Introducing Parque Nacional La Tigra
Parque Nacional La Tigra (adult/child US$10/5;
For all its natural beauty, La Tigra bears many scars too: for more than 70 years it was the site of intense mining and logging by the American-owned Rosario Mining Company. Most of the forest along the trails is actually secondary growth. On the upside, abandoned mines and buildings – even the ruins of a US Consulate – dot the area. And although you should never enter one without a guide, they make for interesting sights, some filled with water, others being slowly reclaimed by the forest. Upwards of US$100 million in gold, silver, copper and zinc were extracted from the mountains between 1880 and 1954, mostly by thousands of exploited Hondurans. The mining company finally pulled out after the Honduran government began talk of instituting corporate taxes and miners began to lobby for better wages. The park was set aside as a forest reserve in 1952 and declared a national park – Honduras’ first – in 1980. Today, besides being a major tourist destination, the park provides fresh water for 33 communities around its periphery, and almost a third of Tegucigalpa’s water.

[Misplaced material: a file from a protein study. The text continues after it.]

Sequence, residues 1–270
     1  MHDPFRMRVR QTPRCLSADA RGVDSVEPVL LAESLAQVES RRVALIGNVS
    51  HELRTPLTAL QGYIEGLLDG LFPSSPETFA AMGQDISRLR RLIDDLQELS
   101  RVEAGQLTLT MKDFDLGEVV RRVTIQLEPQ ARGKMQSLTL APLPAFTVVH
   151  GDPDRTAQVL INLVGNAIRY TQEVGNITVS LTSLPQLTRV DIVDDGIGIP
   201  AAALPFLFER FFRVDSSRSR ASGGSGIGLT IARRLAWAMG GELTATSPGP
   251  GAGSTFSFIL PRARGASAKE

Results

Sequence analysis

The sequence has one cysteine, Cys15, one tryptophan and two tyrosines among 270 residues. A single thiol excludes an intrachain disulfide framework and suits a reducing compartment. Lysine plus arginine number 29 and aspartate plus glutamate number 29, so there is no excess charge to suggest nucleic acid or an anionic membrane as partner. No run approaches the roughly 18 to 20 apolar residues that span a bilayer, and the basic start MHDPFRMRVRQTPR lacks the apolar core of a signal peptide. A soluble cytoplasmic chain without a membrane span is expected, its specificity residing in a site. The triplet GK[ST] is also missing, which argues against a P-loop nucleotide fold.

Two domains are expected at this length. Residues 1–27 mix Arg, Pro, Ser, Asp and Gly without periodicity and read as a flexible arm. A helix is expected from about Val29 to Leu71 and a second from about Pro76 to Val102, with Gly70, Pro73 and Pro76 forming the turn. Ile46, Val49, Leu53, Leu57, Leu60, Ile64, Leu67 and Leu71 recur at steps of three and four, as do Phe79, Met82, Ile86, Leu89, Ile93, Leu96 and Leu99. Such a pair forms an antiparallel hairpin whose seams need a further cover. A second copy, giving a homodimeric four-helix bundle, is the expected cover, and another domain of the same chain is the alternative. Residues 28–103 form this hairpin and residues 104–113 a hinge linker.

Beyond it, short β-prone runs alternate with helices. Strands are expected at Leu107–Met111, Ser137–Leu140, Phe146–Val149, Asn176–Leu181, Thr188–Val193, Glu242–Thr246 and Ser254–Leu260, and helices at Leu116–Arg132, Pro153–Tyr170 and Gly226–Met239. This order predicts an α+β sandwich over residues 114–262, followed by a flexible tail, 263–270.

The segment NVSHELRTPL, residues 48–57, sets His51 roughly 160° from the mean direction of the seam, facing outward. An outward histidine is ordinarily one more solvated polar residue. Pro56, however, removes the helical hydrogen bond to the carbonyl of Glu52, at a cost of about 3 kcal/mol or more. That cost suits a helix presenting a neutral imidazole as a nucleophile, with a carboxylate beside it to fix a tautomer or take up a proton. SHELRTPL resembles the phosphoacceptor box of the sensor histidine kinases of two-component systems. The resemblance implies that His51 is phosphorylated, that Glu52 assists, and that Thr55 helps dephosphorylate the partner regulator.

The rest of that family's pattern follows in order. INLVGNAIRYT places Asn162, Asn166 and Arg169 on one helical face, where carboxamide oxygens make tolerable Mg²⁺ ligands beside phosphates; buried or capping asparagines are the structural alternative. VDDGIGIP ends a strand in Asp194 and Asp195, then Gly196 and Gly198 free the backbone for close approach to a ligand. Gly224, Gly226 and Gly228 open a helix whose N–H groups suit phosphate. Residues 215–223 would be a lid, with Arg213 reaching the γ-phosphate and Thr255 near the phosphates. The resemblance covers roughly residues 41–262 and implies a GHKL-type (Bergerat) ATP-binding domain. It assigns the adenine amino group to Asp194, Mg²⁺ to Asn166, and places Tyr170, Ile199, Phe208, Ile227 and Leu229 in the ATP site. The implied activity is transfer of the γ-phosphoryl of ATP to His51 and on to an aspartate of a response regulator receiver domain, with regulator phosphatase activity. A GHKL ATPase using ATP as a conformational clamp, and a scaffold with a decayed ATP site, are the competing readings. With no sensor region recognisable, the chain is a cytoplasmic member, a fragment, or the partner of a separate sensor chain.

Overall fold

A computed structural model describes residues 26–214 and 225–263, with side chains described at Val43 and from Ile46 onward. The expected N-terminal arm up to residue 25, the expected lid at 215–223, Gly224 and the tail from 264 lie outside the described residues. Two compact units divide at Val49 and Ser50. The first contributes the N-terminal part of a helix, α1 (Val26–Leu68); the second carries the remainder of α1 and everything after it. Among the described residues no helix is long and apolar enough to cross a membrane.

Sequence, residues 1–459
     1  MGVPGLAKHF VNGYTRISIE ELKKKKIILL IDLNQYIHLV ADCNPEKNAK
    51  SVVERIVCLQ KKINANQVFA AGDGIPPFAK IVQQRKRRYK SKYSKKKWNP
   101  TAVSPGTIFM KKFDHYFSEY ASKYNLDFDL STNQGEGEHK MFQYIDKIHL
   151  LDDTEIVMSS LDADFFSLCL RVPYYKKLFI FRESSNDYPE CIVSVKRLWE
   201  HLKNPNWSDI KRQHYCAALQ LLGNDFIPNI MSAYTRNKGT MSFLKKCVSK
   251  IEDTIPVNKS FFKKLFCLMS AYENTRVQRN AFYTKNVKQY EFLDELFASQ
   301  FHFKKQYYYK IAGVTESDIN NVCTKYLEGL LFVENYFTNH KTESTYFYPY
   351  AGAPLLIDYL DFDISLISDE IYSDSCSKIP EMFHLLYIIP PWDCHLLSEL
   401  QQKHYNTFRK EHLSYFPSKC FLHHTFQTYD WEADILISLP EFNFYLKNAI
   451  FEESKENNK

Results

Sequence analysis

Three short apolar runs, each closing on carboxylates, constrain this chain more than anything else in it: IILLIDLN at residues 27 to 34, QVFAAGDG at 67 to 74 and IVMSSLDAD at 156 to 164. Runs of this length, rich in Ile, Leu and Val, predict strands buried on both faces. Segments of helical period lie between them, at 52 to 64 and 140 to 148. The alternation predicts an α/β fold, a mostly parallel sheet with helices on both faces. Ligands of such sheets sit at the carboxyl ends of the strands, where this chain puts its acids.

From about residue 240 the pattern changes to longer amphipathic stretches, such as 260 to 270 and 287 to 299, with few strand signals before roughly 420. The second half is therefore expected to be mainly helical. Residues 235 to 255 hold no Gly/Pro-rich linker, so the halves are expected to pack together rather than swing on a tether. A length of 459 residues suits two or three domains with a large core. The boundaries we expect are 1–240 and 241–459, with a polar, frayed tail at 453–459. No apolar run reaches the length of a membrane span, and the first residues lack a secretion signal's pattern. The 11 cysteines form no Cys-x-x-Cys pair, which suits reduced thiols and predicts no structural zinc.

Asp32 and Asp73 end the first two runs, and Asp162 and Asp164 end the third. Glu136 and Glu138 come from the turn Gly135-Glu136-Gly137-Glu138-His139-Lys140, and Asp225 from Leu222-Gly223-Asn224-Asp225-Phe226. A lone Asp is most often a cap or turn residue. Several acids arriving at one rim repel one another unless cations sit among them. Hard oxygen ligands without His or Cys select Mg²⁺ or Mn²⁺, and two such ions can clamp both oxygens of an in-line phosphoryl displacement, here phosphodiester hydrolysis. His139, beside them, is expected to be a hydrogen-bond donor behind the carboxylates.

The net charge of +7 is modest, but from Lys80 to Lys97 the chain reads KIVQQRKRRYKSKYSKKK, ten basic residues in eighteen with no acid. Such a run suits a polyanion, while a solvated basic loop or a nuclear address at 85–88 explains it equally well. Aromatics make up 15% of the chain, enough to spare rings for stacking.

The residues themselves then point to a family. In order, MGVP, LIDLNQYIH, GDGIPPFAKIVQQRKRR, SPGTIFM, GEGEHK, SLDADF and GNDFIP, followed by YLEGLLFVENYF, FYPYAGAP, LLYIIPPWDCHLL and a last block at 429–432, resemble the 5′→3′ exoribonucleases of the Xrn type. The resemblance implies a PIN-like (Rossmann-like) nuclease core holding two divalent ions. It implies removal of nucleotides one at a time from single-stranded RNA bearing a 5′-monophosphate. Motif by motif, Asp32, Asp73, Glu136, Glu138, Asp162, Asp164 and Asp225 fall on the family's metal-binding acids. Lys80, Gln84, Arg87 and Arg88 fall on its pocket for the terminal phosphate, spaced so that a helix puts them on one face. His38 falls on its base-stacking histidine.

Ready access – the closest entrance is in Jutiapa, just 22km from Tegucigalpa – and a series of well-maintained trails of varying difficulty make La Tigra a popular destination for day-trippers. A campground, simple eco-lodges and one terrific mountain retreat (Cabaña Mirador El Rosario, opposite) near the second entrance at El Rosario make staying the night an attractive option too.
The temperature in La Tigra can fluctuate unexpectedly – wear suitable shoes and bring an extra layer of clothing. Long pants and long sleeves are good protection from mosquitoes, which are annoyingly abundant.